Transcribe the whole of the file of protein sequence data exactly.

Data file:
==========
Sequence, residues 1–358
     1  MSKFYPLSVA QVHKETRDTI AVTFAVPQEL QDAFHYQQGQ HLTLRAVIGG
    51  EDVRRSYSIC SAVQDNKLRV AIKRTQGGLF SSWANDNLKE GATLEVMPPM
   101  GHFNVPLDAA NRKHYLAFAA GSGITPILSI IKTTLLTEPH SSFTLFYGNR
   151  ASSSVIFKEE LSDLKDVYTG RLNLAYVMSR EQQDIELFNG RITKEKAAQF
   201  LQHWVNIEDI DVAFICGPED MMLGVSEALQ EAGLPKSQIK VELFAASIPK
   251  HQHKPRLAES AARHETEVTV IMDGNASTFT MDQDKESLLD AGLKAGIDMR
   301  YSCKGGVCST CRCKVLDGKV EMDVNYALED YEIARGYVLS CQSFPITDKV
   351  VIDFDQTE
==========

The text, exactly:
Sequence, residues 1–358
     1  MSKFYPLSVA QVHKETRDTI AVTFAVPQEL QDAFHYQQGQ HLTLRAVIGG
    51  EDVRRSYSIC SAVQDNKLRV AIKRTQGGLF SSWANDNLKE GATLEVMPPM
   101  GHFNVPLDAA NRKHYLAFAA GSGITPILSI IKTTLLTEPH SSFTLFYGNR
   151  ASSSVIFKEE LSDLKDVYTG RLNLAYVMSR EQQDIELFNG RITKEKAAQF
   201  LQHWVNIEDI DVAFICGPED MMLGVSEALQ EAGLPKSQIK VELFAASIPK
   251  HQHKPRLAES AARHETEVTV IMDGNASTFT MDQDKESLLD AGLKAGIDMR
   301  YSCKGGVCST CRCKVLDGKV EMDVNYALED YEIARGYVLS CQSFPITDKV
   351  VIDFDQTE